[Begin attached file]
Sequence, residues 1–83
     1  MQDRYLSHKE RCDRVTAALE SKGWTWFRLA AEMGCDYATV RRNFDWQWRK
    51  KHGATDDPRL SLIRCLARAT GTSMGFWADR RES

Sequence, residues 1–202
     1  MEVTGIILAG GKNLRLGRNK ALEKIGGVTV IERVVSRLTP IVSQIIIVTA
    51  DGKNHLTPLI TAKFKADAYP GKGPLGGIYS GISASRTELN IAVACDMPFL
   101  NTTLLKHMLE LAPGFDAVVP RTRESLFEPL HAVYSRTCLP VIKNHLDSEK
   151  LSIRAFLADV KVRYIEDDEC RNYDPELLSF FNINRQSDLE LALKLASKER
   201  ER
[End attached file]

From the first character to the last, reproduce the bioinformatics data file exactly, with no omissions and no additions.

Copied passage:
Sequence, residues 1–83
     1  MQDRYLSHKE RCDRVTAALE SKGWTWFRLA AEMGCDYATV RRNFDWQWRK
    51  KHGATDDPRL SLIRCLARAT GTSMGFWADR RES

Sequence, residues 1–202
     1  MEVTGIILAG GKNLRLGRNK ALEKIGGVTV IERVVSRLTP IVSQIIIVTA
    51  DGKNHLTPLI TAKFKADAYP GKGPLGGIYS GISASRTELN IAVACDMPFL
   101  NTTLLKHMLE LAPGFDAVVP RTRESLFEPL HAVYSRTCLP VIKNHLDSEK
   151  LSIRAFLADV KVRYIEDDEC RNYDPELLSF FNINRQSDLE LALKLASKER
   201  ER